Title

Predictive value of human stem cells for developmental neurotoxicity testing

ORCiD

John C. Livesey: 0000-0001-9010-5970

Document Type

Abstract

Conference Title/Conference Publication

British Neuroscience Association 2013: Festival of Neuroscience

Location

Barbican Centre, London, UK

Conference Dates

April 7-10, 2013

Date of Presentation

4-7-2013

ISSN

2572-6803

Abstract

The developing human nervous system is vulnerable to injury because cell growth, proliferation and maturation occur over a prolonged time period in utero and post-partum. Animal models of developmental neurotoxicity (DNT) are costly and have relatively low predictive value for humans. In this study, we have utilized human pluripotent stem cells (hPSCs) to develop an in vitro model of neurogenesis and have tested its sensitivity to 4 widely used antiepileptic drugs (AEDs) associated with risks of neurological impairments in humans with perinatal exposure.

The hPSC line TERA2.cl.SP12 was differentiated toward neural phenotypes with retinoic acid. The effects of phenobarbital (PHB), valproic acid (VPA), lamotrigine (LTG) and carbamazepine (CBZ) were examined on stem cell viability by the MTT assay, proliferation and apoptosis by flow cytometry and pluripotency and neurogenesis were investigated by immunocytochemistry. VPA dose-dependently reduced viable cell number and induced apoptosis whereas only high concentrations of PHB and CBZ induced apoptosis. Of the 4 drugs tested, VPA caused the greatest reduction in cell proliferation. All concentrations of PHB significantly reduced neurogenesis.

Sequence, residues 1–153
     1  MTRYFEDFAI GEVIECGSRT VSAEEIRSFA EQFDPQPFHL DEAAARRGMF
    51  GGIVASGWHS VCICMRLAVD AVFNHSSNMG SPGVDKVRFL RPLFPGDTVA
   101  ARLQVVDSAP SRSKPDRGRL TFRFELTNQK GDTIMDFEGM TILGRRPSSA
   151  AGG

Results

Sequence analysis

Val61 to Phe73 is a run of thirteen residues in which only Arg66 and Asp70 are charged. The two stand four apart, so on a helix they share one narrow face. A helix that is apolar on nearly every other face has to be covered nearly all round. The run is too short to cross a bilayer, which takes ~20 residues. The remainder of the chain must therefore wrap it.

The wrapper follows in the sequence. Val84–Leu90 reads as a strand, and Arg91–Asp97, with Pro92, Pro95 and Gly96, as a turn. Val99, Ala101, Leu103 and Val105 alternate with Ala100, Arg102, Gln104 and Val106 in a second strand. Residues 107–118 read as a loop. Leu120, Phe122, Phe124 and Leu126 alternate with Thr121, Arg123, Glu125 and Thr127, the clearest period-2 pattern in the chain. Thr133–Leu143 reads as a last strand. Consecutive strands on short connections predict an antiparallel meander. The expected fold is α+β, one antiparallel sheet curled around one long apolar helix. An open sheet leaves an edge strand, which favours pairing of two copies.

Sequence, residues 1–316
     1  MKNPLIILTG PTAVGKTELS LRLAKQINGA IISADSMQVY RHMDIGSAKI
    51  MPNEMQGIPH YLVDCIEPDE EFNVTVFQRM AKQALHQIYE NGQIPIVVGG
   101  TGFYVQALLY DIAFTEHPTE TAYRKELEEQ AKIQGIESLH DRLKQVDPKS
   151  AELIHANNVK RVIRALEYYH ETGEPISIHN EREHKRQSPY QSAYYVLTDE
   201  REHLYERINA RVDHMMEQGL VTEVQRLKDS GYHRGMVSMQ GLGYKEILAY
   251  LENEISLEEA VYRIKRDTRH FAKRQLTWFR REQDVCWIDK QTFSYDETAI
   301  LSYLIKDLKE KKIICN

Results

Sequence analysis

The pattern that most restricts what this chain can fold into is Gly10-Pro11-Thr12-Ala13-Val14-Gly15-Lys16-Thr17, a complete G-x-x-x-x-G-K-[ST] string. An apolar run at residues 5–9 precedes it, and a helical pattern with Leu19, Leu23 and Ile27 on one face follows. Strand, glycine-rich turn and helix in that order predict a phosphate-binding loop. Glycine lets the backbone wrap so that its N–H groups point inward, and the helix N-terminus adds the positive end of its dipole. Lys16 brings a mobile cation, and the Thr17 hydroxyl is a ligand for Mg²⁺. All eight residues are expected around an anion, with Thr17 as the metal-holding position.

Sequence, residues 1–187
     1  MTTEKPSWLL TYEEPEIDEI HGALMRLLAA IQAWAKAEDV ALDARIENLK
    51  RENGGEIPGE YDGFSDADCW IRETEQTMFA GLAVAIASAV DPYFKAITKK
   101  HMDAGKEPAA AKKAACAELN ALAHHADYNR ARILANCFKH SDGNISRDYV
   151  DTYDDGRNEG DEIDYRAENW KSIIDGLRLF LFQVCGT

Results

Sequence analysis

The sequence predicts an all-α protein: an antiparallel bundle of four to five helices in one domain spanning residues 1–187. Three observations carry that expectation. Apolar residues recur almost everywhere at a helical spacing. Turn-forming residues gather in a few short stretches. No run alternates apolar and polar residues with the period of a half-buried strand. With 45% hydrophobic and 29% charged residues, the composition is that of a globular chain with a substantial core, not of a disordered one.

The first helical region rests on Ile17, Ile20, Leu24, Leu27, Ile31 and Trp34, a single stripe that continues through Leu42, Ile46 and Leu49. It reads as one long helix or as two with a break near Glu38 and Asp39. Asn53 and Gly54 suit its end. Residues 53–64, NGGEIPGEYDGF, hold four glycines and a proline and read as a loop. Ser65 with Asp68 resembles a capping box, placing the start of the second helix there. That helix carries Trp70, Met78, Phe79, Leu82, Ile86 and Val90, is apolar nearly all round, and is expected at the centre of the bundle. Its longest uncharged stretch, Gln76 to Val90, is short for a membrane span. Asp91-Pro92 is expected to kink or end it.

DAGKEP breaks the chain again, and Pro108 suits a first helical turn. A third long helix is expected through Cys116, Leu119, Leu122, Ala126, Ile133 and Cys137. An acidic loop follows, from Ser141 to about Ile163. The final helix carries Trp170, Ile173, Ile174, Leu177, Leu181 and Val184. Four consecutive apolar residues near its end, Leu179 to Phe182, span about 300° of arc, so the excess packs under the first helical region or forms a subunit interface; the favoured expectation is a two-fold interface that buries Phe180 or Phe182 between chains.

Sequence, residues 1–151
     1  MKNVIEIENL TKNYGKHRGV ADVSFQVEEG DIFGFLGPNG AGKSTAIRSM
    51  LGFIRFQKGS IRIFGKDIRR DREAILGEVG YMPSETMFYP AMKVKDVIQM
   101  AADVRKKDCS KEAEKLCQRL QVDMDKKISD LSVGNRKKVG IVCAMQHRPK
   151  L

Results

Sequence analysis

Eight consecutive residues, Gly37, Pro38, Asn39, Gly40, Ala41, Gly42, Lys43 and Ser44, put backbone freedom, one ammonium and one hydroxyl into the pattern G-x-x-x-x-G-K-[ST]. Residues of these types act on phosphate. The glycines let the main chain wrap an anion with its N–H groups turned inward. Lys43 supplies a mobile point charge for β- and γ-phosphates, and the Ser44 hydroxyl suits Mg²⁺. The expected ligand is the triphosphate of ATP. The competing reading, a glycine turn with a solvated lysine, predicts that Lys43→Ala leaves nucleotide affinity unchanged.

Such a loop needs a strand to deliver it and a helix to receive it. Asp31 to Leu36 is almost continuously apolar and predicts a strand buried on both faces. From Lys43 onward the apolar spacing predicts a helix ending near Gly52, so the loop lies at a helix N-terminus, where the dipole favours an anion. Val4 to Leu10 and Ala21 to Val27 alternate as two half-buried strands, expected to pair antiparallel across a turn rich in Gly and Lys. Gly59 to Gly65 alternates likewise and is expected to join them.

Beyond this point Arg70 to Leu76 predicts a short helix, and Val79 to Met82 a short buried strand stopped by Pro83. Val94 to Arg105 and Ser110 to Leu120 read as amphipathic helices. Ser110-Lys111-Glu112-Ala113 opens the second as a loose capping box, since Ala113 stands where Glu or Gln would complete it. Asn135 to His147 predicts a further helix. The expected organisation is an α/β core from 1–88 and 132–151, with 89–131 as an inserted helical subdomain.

In contrast, lower concentrations of VPA (10μM and 100μM) increased neurogenesis and only reduced it at the highest concentration tested (1000μM). LTG dose-dependently reduced viable cell number and moderately impaired neurogenesis. Only VPA reduced Oct-4 expression suggesting a reduction in stem cell pluripotency.

In conclusion our model shows differential sensitivity to the 4 antiepileptic drugs investigated, with PHB and VPA having the highest potential risk for DNT, correlating with an increased risk of neurological malformations observed with these agents in epidemiological studies. Additionally, our data corresponds with in vivo data showing that VPA inhibits cell proliferation in the rodent brain and PHB impairs neurogenesis. We therefore report for the first time that the use of hPSCs as an in vitro model of neurogenesis might be a powerful alternative to animal-based methods of DNT testing and enable rapid evaluation of drug safety in the future.

Comments

Volume 22, P2-G-028

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